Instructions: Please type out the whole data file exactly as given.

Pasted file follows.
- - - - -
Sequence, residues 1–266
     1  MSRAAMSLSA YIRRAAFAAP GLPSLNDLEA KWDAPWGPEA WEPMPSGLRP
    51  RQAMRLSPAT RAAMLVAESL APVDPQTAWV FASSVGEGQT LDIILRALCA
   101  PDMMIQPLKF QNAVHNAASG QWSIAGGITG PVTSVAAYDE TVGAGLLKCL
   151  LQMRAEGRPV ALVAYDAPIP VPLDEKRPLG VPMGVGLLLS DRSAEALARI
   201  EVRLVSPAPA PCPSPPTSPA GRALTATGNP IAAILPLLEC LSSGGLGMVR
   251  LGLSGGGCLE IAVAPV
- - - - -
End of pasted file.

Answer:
Sequence, residues 1–266
     1  MSRAAMSLSA YIRRAAFAAP GLPSLNDLEA KWDAPWGPEA WEPMPSGLRP
    51  RQAMRLSPAT RAAMLVAESL APVDPQTAWV FASSVGEGQT LDIILRALCA
   101  PDMMIQPLKF QNAVHNAASG QWSIAGGITG PVTSVAAYDE TVGAGLLKCL
   151  LQMRAEGRPV ALVAYDAPIP VPLDEKRPLG VPMGVGLLLS DRSAEALARI
   201  EVRLVSPAPA PCPSPPTSPA GRALTATGNP IAAILPLLEC LSSGGLGMVR
   251  LGLSGGGCLE IAVAPV